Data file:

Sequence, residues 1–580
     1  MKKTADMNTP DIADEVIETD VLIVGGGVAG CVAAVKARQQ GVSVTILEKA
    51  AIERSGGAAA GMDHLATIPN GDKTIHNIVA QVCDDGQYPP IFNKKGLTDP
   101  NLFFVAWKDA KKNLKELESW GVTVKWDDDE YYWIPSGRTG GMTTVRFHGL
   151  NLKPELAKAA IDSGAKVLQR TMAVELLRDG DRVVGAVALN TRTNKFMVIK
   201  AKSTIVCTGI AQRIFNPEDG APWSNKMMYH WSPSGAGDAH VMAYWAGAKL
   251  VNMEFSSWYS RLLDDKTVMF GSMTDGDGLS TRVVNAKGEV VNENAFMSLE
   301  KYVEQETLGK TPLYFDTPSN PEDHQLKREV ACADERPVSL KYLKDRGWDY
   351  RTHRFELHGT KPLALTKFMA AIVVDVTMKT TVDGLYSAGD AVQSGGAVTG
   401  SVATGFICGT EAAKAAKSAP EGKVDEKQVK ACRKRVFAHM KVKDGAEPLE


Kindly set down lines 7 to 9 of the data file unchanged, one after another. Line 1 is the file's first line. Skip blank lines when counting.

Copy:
   251  VNMEFSSWYS RLLDDKTVMF GSMTDGDGLS TRVVNAKGEV VNENAFMSLE
   301  KYVEQETLGK TPLYFDTPSN PEDHQLKREV ACADERPVSL KYLKDRGWDY
   351  RTHRFELHGT KPLALTKFMA AIVVDVTMKT TVDGLYSAGD AVQSGGAVTG